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Do you know how much money India is losing because of lack of gender parity?

Tanvi Dubey
2nd Nov 2016
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Women constitute one-half of the world’s population. They deserve equal access to health, education, economic participation and political decision-making power.

However, if that were the case we would not be discussing gender disparity. The World Economic Forum has been quantifying the magnitude of gender-based disparities and tracking their progress over time, 2006 to be precise.

The report states: Talent and technology together will determine how the Fourth Industrial Revolution can be harnessed to deliver sustainable economic growth and innumerable benefits to society. Yet, if half of the world’s talent is not integrated — as both beneficiary and shaper — into the transformations underway, we will compromise innovation and risk a rise in inequality.

gender-parity
(image credit -Shutterstock)

Gender parity is an important cause for a call to action for countries across the globe to accelerate towards gender equality.

Here’s why gender parity is important:

Significant economic dividends

There is a significant loss of economic dividends to companies, organisations at the micro-level and to the country and globe at the macro-level because of gender parity. Here is how India is losing its money:

Economic parity

If only that were the case then the global economy would be yielding significant economic dividends. The Global Gender Gap report index pegs that economic gender parity would have given an additional GDP to the following:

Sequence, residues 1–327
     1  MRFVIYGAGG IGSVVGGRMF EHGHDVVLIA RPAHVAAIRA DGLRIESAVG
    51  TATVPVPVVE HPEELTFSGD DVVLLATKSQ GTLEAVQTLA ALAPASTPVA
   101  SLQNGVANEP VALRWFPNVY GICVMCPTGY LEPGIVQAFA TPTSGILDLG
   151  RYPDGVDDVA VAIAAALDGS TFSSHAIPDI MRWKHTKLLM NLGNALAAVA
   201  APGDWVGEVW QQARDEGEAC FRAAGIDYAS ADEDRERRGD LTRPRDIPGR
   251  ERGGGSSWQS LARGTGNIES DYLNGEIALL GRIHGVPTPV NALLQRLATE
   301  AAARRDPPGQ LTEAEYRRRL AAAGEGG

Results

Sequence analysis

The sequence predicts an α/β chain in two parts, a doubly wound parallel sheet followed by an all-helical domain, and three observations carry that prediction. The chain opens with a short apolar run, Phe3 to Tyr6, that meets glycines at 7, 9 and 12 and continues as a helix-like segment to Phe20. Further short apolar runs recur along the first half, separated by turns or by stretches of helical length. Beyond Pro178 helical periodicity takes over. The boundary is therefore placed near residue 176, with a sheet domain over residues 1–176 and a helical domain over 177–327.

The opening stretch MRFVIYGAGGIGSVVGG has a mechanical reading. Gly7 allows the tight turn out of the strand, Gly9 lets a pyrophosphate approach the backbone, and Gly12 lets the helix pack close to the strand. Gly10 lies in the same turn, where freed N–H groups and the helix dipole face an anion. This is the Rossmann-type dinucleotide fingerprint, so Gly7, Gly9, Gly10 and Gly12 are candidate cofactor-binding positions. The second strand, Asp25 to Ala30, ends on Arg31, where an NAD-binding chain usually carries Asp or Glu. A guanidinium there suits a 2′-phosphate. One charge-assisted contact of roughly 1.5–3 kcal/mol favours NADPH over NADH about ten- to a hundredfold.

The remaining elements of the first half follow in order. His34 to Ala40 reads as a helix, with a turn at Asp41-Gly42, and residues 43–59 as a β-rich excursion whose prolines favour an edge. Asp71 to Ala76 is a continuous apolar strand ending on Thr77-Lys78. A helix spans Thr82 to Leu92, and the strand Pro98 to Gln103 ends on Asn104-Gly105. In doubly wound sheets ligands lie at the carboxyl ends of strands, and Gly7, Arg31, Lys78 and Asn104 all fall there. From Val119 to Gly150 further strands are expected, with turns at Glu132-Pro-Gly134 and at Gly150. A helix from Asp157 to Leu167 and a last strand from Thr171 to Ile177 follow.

$240 billion: United Kingdom

$1,201 billion: United States

According to the MGI Power of Parity report released in 2015, in 46 out of the 95 countries analysed, the impact could be more than 10 percent of annual GDP in 2025 compared with business-as-usual.

The biggest relative scope to add GDP is in India at 16 percent, followed by Latin America with 14 percent, and China and sub-Saharan Africa, each with 12 percent.

Women’s limited access to the labour markets also adds to loss in the economy. While the law in India mandates no discrimination in hiring women, women do not comprise the majority of our workforce. According to data, the labour force participation rate of women was at 35 percent in 1990 and dropped down to 27 percent in 2014.

Loss for companies

The lack of women’s participation in the formal economy, according to the Global Gender Report, is also a business issue — costing women, companies and, ultimately, entire economies.

The report states that the female talent remains one of the most under-utilised business resources, either squandered through lack of progression or untapped from the onset. Business leaders and governments increasingly note that tackling barriers to equality can unlock new opportunities for growth.

Education and health